4 min read

How I Struggled With Usergrid, Cassandra, and Elasticsearch

Not a tutorial, but more like a set of comments and log of my adventures with that thing.
How I Struggled With Usergrid, Cassandra, and Elasticsearch
Photo by Clément Hélardot / Unsplash

Installing Usergrid

You’d better RTFM and consider my story not as a tutorial, but as a set of comments on my adventures with that manual in June of 2017.

The Usergrid Stack is a Java EE web application that runs on Tomcat and uses the Cassandra database for storage and the ElasticSearch search engine for queries.

Before running the Usergrid on Tomcat, you’ll start by setting up the database and search engine nodes.

Installing Cassandra

First of all, you’ll need Cassandra.

For storage purposes, I set up a separate Ubuntu instance that will become a Cassandra single node cluster.

The setup is simple. It's described in Cassandra's official docs or in digital ocean tutorials. They even look code-hipster-friendly!

Installing Elasticsearch

The next step is Elastic Search

And again, I used Digital Ocean tutorials

Installing Tomcat

The same thing with Tomcat. Used the following tutorial

Running Usergrid with Cassandra

Usergrid seems to need Tomcat 7 or later that’s why I decided to try 8 and see what will happen.  I immediately faced a problem with the Usergrid config.

It seemed not to pick up the config file usergrid-deployment.propertiesduring deployment from Tomcat.

No matter if I put them where docs said or followed various advice from the internet. It was not connecting either to Elasticsearch or to Cassandra.

Rebuilding Usergrid From Source

There were several posts on the internet concerning this problem and a couple of possible solutions:

  1. Build from sources yourself and Usergrid may begin to pick up configs correctly
  2. Build from sources yourself and replace the default config file.

God bless java developers, building from sources wasn’t painful! Except for 4 lines that were not mentioned in building docs:

cd ~\usergrid\sdks\javamvn installcd ..\..\stackmvn install -DskipTests=true


A more detailed look at logs showed that it actually did pick up configs if they were in …./tomcat/lib/ even before my rebuilds.

In my case, the Cassandra node and Usergrid app were running on different instances, and after more logs smoking it turned out that the problem was in Cassandra configs and its bind address.

But nevertheless, I learned how to build Usergrid and now it was time for taking off!

Downgrading Tomcat

However, Usergrid couldn’t start under Tomcat and I decided to try wiping Tomcat8 and try Tomcat7.

Finally, It worked.

Downgrading Elasticsearch

The next problem was in Elasticsearch. Logs showed an exception on connection attempts. I reinstalled the same version of ES that was in Usergrid docs : 1.7.2 instead of the newest 5.4.x.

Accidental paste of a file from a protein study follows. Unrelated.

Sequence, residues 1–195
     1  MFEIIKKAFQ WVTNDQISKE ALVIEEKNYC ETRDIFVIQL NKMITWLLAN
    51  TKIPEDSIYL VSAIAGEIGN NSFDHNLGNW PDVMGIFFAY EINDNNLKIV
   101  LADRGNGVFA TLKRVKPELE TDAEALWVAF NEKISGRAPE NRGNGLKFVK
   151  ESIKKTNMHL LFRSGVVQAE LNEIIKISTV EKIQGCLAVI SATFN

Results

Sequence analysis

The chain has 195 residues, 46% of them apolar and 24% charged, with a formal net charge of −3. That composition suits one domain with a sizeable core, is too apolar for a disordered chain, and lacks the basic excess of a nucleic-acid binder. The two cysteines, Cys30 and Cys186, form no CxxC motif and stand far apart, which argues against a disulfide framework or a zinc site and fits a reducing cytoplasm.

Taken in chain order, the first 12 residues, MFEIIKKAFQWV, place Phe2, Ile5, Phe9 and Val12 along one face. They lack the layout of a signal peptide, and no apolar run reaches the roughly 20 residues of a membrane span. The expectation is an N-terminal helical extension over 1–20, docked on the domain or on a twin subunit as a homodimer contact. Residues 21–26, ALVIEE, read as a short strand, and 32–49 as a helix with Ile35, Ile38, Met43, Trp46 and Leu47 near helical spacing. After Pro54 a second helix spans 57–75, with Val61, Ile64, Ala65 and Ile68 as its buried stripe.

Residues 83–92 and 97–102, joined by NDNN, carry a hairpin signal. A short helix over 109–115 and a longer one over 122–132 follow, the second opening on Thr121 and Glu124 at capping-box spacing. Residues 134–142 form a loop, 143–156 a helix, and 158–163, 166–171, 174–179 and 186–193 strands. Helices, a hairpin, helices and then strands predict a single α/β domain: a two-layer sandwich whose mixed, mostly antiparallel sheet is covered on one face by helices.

And it finally worked!

Now I possibly had the best backend for my apps in the whole world.


This team of Java Usergrid Monster with Cassandra seems to be rather hungry.

Thanks to my previous season’s algo-trading project I had a heritage, consisting of a dedicated instance with 64 GB of RAM, a huge SSD, and a powerful CPU.

It has been a good bargain one day, so it’s pretty sorrowful for me just to let it go. I decided to utilize it for my later adventures.


I’ve already had a virtualization setup running that I decided to use.

It give me have more or less separated virtual hosts, living on one physical instance, and share resources between them in an automatic or manual manner.

Previously, that setup fitted all my needs like a charm.

  • I could guarantee RAM resources for more critical processes.
  • I could create new hosts with limited access rights and even share them with other people. I was using this option for creating brokerage account login instances that were running on Ubuntu with GUI. For Research, trading algorithms, and data storage I was using GUI-less *nix instances.

I’ve spent some time on ESXi hypervisor and that was pretty unpleasant.

It turned out to be just one more *nix-based hypervisor and, unfortunately, hardware-fastidious. I couldn’t use the up-to-date version of it because my network card hardware just wasn’t supported in the latest versions. ESXi also doesn’t support network routing, so I had to set up a separate virtual host that routed traffic to other virtual hosts. So much pain.

Then I moved to Proxmox VE and that was great.

If you are suddenly diving into that special kind of hipster-developer hell, I strongly recommend hetzner manuals and this special great manual that describes how to configure the network for virtual hosts behind NAT with ports forwarding and DHCP. That was enough to set up everything and saved me weeks of googling.

The pros and cons of having your own host compared to AWS or digital ocean are obvious.

Anyway, it’s a pretty cool exercise with a rather satisfying aftertaste, when everything works at last.